No pommy summer

THERE was none of the egotistical ranting I expected from a movie director when Ben Elton oversaw me and other volunteer extras on the final day of shooting Three Summers.

Well known Aussie thespians Michael Caton, Magda Szubanski, Deborah Mailman, Jacqueline McKenzie, my teenage heart throb John Waters, the lovely Kelton Pell, and cheery clown Peter Rowsthorn had wrapped up their scenes and were long gone.

Asylum seekers

It had been five weeks of intense filming with 12-hour days and miserably wet English weather, as actors huddled in the cold waiting to convince the audience it was a warm summer’s day.

And on the last day of shooting, the man in charge was still polite and courteous to me and the other volunteer extras who had no idea what we were doing.

• Ben Elton on the set of his new Aussie flick, Three Summers. Photos supplied

“It astounds me how some directors throw their weight around,” Mr Elton told me, some months after my brief acting debut.

“To me, the director should be humble.

“A hundred dedicated people enable your vision. I owe them so much, so I bloody well better be polite.”

Three Summers is Elton’s first Australian feature film, with a homegrown cast and crew, many from WA.

Except for Irishman Robert Sheehan, who will be the lead role in Peter Jackson’s Mortal Engines and is destined for great things. “But his first lead is Three Summers,” Elton brags.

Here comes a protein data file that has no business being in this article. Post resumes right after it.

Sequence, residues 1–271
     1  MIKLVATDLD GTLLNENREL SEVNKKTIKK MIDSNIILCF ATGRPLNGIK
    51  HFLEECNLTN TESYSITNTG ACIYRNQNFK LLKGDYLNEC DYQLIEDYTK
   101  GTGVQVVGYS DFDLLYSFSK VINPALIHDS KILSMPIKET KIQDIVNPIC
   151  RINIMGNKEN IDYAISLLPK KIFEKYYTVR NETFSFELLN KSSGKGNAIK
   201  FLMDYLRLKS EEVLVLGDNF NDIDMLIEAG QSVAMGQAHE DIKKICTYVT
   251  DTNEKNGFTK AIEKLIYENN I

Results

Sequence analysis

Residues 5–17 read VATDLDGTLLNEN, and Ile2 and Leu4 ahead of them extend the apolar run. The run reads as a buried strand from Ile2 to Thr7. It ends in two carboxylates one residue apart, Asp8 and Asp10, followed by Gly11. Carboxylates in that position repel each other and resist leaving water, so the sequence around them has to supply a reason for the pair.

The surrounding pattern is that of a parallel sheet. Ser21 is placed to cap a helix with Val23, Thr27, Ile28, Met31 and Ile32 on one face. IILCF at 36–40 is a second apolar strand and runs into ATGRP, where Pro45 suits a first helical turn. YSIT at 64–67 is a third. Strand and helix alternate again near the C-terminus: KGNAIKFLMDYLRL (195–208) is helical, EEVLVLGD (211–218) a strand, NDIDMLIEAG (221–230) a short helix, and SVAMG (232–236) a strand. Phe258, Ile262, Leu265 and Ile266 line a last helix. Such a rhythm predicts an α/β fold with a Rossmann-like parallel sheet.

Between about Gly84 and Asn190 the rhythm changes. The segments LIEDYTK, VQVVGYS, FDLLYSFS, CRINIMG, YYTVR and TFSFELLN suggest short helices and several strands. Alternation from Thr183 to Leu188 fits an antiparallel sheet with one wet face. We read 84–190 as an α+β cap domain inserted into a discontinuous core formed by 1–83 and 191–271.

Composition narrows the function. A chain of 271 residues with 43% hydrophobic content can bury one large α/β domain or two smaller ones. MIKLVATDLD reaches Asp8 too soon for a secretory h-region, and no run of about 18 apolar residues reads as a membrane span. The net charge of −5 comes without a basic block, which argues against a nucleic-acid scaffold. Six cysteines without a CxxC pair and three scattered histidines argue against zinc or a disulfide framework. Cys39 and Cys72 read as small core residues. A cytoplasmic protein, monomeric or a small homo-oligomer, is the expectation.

Three Summers was filmed at Fairbridge, near Pinjarra, and is a rom-com with some meaty themes, including indigenous reconciliation and asylum seekers.

Characters include an Aboriginal dance troupe (led by Kelton), a group of wine-loving empty nesters, a power-tripping security guard and a fiercely Aussie morris dancer (Caton).

Caton and Fremantle actor/comedian Sam Longley as morris men is laugh out loud stuff.

• Magda Szubanski.

Szubanski plays meddling community radio star Queenie, who welcomes campers back three summers in a row for a “folking good time”.

The story idea came from Elton’s own many visits to the Fairbridge Festival (including one time with Emma Thompson and her family).

It’s a place people meet for the one weekend each year.

“Then go away and get on with their lives…It’s an interesting concept for a film,” says Elton, who lives in North Fremantle.

Camping and the egalitarian nature of the festival have a huge appeal, Elton says.

“We are all equal in the queue to the portaloos.”

Three Summers is showing at Luna on Essex.

By JENNY D’ANGER

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